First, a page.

Sunday, November 27, 2011

Five best books about Soviet espionage

Allen M. Hornblum has been executive director of Americans for Democratic Action, chief of staff of the Philadelphia Sheriff’s Office, and a college lecturer. His books include Sentenced to Science, Acres of Skin, Confessions of a Second Story Man, and The Invisible Harry Gold: The Man Who Gave the Soviets the Atom Bomb.

One of his five best books on Soviet espionage, as told to the Wall Street Journal:
Spies: The Rise and Fall of the KGB in America
by John Earl Haynes, Harvey Klehr and Alexander Vassiliev (2009)

This huge tome is the best catalog yet of Americans who spied for the Soviet Union and the information that they may have passed on. For decades, ideological combatants have argued bitterly over the complicity of players like Alger Hiss, Harry Dexter White and J. Robert Oppenheimer. "Spies" sheds much helpful light, thanks to the collaboration of John Earl Haynes and Harvey Klehr—Cold War espionage scholars of the first rank—with Alexander Vassiliev, a former KGB agent who walked out of his agency's secret archives with thousands of pages of notes and transcriptions. Curious readers can now discover exactly who Julius Rosenberg recruited, who turned the Soviets down (Oppenheimer) and who, to the surprise of many, worked as a courier passing information: the American writer I.F. Stone, whose KGB code name was "Pancakje."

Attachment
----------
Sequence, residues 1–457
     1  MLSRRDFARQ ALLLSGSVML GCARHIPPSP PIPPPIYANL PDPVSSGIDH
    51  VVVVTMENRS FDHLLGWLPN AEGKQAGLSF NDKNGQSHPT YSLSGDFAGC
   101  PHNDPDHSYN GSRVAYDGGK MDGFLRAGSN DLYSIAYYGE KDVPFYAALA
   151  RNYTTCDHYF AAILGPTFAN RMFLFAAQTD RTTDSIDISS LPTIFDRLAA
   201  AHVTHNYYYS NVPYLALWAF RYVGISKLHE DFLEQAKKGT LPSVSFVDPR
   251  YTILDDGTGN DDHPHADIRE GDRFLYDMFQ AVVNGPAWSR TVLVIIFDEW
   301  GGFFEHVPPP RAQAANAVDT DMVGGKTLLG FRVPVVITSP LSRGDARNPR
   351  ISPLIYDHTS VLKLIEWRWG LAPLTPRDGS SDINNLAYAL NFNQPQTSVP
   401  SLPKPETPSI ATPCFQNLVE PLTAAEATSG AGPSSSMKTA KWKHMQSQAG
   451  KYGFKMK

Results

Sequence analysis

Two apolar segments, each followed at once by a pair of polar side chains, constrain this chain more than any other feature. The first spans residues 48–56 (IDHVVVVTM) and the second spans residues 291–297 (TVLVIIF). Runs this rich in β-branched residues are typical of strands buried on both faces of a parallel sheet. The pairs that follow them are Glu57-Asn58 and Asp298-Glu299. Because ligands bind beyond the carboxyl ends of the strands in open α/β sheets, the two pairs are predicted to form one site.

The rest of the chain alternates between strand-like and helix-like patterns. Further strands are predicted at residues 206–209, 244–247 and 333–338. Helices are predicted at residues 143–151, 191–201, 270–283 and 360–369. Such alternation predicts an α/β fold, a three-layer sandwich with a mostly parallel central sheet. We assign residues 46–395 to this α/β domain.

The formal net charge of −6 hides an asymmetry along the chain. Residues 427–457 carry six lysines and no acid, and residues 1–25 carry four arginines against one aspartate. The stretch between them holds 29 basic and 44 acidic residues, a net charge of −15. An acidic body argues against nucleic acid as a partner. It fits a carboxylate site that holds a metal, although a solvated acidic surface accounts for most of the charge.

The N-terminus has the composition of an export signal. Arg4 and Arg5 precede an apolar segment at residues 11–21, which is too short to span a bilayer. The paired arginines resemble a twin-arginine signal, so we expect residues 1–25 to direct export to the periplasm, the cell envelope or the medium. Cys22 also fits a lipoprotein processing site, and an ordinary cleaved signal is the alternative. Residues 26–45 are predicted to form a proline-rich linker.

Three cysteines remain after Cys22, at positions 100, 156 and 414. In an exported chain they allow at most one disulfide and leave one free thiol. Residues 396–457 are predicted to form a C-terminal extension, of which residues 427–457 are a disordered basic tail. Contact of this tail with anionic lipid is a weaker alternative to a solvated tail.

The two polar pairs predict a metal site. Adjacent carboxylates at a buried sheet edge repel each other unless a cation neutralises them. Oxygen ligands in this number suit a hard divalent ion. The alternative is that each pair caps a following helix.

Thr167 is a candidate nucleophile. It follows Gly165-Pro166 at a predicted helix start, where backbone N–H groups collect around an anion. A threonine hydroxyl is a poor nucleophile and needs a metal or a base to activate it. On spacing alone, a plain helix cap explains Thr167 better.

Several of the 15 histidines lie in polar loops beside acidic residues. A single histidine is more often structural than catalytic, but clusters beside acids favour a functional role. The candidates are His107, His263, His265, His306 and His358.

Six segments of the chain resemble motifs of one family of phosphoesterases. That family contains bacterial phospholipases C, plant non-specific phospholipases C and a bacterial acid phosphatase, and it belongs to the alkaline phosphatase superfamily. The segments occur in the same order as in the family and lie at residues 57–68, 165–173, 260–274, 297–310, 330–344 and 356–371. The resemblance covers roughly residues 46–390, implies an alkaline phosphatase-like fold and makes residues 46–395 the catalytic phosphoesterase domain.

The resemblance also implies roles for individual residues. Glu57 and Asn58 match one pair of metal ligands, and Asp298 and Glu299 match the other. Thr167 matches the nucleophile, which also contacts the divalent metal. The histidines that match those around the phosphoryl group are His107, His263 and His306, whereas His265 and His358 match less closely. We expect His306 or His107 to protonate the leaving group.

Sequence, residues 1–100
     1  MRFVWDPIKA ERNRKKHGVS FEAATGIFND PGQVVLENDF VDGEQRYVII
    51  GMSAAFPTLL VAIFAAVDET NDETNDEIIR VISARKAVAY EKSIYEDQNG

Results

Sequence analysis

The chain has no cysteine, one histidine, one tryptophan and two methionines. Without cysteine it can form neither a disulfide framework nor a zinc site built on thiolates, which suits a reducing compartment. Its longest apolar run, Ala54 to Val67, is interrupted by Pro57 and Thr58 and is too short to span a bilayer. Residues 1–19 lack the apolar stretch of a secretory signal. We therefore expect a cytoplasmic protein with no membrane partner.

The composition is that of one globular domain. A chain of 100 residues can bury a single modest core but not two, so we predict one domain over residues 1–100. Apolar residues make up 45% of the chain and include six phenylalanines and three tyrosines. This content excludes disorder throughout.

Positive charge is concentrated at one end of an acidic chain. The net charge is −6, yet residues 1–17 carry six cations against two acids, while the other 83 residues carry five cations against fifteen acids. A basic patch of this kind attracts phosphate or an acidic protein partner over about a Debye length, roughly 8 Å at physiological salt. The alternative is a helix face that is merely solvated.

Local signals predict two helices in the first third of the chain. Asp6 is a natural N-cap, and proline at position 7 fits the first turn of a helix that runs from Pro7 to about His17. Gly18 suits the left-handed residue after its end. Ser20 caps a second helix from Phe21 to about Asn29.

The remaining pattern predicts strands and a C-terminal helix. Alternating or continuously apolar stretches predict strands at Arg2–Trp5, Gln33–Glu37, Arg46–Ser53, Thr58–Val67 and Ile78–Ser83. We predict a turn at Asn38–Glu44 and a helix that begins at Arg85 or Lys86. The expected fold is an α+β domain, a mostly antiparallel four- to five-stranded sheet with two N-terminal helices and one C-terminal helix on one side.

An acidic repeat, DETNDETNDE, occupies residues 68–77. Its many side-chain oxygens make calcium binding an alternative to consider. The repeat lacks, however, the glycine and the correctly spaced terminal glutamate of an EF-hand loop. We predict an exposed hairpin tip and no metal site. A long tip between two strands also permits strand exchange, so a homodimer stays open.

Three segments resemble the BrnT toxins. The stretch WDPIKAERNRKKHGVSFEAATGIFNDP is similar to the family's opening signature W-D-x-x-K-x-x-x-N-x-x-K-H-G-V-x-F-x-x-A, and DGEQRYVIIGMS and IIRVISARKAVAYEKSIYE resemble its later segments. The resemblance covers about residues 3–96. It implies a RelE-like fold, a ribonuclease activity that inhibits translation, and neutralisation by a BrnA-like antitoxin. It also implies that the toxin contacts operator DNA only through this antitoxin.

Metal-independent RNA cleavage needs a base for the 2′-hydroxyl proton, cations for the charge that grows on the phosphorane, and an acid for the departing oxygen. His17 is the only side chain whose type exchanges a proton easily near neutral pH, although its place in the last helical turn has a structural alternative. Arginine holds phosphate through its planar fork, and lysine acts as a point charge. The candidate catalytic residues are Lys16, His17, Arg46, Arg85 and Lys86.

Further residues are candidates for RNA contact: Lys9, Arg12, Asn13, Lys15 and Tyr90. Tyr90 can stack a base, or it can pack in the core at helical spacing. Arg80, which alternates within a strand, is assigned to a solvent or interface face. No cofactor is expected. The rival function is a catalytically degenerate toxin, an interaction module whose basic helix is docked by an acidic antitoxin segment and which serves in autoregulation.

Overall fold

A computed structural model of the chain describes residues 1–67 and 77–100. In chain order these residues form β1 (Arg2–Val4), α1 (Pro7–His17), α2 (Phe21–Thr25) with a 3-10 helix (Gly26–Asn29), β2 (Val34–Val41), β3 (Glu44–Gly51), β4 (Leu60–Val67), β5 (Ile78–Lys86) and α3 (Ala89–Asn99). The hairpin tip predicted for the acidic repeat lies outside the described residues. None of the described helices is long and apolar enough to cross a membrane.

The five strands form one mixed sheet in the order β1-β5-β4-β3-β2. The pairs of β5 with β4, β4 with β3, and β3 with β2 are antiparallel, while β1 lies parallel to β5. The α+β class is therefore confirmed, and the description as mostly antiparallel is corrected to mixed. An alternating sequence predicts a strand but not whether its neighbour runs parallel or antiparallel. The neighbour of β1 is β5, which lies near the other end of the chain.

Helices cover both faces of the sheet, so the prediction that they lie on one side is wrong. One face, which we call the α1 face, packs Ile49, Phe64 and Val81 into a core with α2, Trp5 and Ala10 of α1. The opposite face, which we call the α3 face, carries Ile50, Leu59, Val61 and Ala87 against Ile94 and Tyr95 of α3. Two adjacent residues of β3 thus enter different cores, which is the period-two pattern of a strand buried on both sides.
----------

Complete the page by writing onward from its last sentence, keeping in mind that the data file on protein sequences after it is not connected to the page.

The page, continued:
Read about the other books on the list.

Also see Jonathan Miles's five best books about the secrets of espionage.

--Marshal Zeringue